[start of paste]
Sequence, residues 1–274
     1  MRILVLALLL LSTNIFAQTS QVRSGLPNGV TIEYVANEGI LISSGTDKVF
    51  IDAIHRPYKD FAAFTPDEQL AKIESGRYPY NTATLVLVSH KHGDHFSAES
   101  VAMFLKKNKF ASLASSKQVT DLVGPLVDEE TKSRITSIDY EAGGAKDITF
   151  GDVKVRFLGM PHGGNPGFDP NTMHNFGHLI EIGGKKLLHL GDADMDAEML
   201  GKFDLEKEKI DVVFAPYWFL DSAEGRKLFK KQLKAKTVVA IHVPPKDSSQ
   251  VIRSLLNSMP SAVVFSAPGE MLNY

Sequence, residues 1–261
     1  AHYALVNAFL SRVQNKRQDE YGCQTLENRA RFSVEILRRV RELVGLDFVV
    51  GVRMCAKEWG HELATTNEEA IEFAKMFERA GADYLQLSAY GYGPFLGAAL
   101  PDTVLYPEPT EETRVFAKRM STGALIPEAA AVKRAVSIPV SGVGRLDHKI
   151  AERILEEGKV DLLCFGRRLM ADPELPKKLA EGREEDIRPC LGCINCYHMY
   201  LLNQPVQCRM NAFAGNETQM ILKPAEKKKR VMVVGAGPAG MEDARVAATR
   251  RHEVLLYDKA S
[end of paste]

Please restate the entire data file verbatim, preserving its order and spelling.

Sequence, residues 1–274
     1  MRILVLALLL LSTNIFAQTS QVRSGLPNGV TIEYVANEGI LISSGTDKVF
    51  IDAIHRPYKD FAAFTPDEQL AKIESGRYPY NTATLVLVSH KHGDHFSAES
   101  VAMFLKKNKF ASLASSKQVT DLVGPLVDEE TKSRITSIDY EAGGAKDITF
   151  GDVKVRFLGM PHGGNPGFDP NTMHNFGHLI EIGGKKLLHL GDADMDAEML
   201  GKFDLEKEKI DVVFAPYWFL DSAEGRKLFK KQLKAKTVVA IHVPPKDSSQ
   251  VIRSLLNSMP SAVVFSAPGE MLNY

Sequence, residues 1–261
     1  AHYALVNAFL SRVQNKRQDE YGCQTLENRA RFSVEILRRV RELVGLDFVV
    51  GVRMCAKEWG HELATTNEEA IEFAKMFERA GADYLQLSAY GYGPFLGAAL
   101  PDTVLYPEPT EETRVFAKRM STGALIPEAA AVKRAVSIPV SGVGRLDHKI
   151  AERILEEGKV DLLCFGRRLM ADPELPKKLA EGREEDIRPC LGCINCYHMY
   201  LLNQPVQCRM NAFAGNETQM ILKPAEKKKR VMVVGAGPAG MEDARVAATR
   251  RHEVLLYDKA S